Wednesday, February 19, 2014
The word "pulse" comes from the Bible in the book of Daniel Chapter 1. It refers to "plain food" that the selected Hebrews preferred over the King's fancy food. King Nebuchadnezzar, the king of Babylon, valued some of his captive Israelite men because they were educated in subjects that he valued and he wanted them as advisers to his court. He was concerned that they be given the best food to keep them healthy. The chief servant had orders to feed these Hebrews the King's"meat"
( meaning the King's food which may have contained some fancily prepared meats) but the Israelites refused and wanted "pulses" for their food. The servant was upset and knew the King would be unhappy with this refusal. A contest resulted, with the Hebrews challenging the servant a week's worth of pulses cooked they way they were used too verses what the others were given from the King's kitchen. At the end of the week they were examined and found to be healthier than the others and the Hebrews and their pulses won!
You look up "pulses" on the internet you find that it mostly refers to legume foods--beans and also includes nuts and seeds but another version or interpretation includes grains. This is where I got the inspiration to formulate my own pulse combinations. Pulses either with or without grains are ancient foods that I believe will nourish us today, if prepared correctly,(soaked for 8-24 hours before cooking) and they are the foods that store well in our homes for future scarcity which I believe is right on our doorstep. Check out my earlier blogs on pulses.
Saturday, February 1, 2014
First one picture above is the "Millie Pulse". It has red lentils in it but the "red" coloring cooks right out of it. I cooked this one with some of my beef bone broth and it was really yummy.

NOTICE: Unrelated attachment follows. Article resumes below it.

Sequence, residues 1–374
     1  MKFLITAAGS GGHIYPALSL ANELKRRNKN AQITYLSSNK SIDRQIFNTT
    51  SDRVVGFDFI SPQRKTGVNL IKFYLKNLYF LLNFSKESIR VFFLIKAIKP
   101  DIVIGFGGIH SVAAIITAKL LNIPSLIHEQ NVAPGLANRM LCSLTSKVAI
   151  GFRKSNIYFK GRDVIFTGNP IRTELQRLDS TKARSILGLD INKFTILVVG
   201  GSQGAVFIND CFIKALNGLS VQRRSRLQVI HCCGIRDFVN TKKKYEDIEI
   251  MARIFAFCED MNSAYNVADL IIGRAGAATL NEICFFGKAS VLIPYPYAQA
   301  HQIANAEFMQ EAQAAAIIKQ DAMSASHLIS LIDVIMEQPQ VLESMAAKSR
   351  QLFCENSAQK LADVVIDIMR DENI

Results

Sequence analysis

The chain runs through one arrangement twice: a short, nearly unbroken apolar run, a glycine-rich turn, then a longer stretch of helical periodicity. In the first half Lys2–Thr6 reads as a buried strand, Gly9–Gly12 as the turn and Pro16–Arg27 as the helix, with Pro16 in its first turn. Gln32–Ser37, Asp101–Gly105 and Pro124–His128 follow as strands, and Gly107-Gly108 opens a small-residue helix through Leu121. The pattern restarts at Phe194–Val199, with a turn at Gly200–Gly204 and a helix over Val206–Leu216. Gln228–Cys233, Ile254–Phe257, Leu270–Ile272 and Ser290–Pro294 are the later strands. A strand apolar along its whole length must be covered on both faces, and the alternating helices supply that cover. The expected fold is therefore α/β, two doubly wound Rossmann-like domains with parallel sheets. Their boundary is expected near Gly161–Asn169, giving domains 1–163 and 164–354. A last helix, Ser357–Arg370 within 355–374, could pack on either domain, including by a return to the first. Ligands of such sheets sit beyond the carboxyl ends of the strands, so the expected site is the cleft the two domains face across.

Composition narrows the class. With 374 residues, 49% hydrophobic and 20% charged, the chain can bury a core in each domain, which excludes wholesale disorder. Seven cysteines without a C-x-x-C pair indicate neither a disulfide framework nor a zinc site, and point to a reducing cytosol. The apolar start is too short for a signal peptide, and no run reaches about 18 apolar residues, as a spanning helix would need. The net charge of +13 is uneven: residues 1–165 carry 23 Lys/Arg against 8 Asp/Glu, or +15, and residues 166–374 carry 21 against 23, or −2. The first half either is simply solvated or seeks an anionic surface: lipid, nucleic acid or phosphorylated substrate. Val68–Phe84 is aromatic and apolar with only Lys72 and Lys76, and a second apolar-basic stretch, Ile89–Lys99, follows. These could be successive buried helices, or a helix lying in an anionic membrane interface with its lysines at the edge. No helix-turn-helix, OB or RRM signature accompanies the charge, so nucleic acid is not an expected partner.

For 1 cup dried food combine; 1/3 c brown rice and 1/3 c millet with 2 TBS crushed split peas and 2 TBS red lentils and 2 TBS navy beans.
To prepare; Measure out 1/2 cup dry combination and soak 8 hours or more in 1 1/2 cups water. To cook, add another 1/2 cup liquid and bring all to a boil then reduce heat and cover with lid. To keep foam down, add 1 TBS butter or lard or coconut oil. Cook for about an hour stirring a few times. Add 1/2 to 3/4 tsp. Real Salt to taste towards end of cooking.
Second one; "Oatsey Pulse"
For 1 cup dry food combination: 1/3 c white rice and 1/3 c steel-cut oats with 3TBS crushed split peas and 1 TBS adzuki beans and 2 TBS red lentils.
To Prepare; Measure out 1/2 c dry food and soak in 1 1/2 cups water (1/2 cup of that could be milk or whey or kefir or yogurt) 8 hours or more. To cook, add another 1/2 cup liquid and bring to a boil then reduce heat and cover with lid. (picture above didn't add the additional 1/2 c liquid so is firmer looking) Add 1 TBS butter, lard or coconut oil and simmer cook for about an hour stirring a few times. Add 1/2 to 3/4 tsp. Real Salt sometime toward end of cooking. This pulse is good as a breakfast with added honey or raisins and milk or kefir.
For 1 cup dry food combination; 1/3 c brown rice and 1/3 c cracked spelt kernels ( or cracked wheat) with 3 TBS crushed split peas and 1 TBS red lentils and 2 TBS navy beans.
To prepare; To 1/2 c dry food combination add
1 1/2 cups water and soak for 8 hours or more. Bring to a boil, add another 1/2 cup liquid and reduce heat, add 1 TBS butter, lard or coconut oil, cover and simmer low for about an hour stirring a few times. Add 1/2 to 3/4 tsp. Real Salt toward end of cooking.
Fourth one; "Zukie Pulse"
This one cooks up dark because of the adzuki beans and black beans and dark green lentils but it is sooo good!
For 1 cup dry food combination: 1/3 c brown rice and 1/3 c quinoa (red quinoa would make it even darker) with 2 TBS adzuki beans and 2 TBS dark green lentils and 2 TBS black beans.
To prepare; Measure out 1/2 c dry food and soak in 1 1/2 cups water for 8 hours or more. Add another 1/2 cup liquid and bring to a boil then reduce heat and add 1 TBS butter, lard or coconut oil and cover and cook low for about an hour stirring a few times. Add 1/2 to 3/4 tsp. Real Salt toward end of cooking.
What are the benefits of preparing, cooking and eating pulses? 1) they taste good and satisfy the craving and need for carbohydrates without the damage that "normal" breads and baked goods and extruded cereals can do to the digestive system 2) they "pass through" digestive tract easily because of the fiber inherit in whole grain and legumes 3) cooked pulses can be eaten alone or with meats, fish and vegetables or fruits. 4) soaked and cooked grains (properly prepared) are sooo much easier to digest for damaged intestinal tracts and can help curb the carb adiction that ails so many people 6) Combined dry and stored in large containers will last a long, long time and is perfect for food storage. Other dried food like vegetables or raisins and spices can be added to these combinations for quick meals in time of need.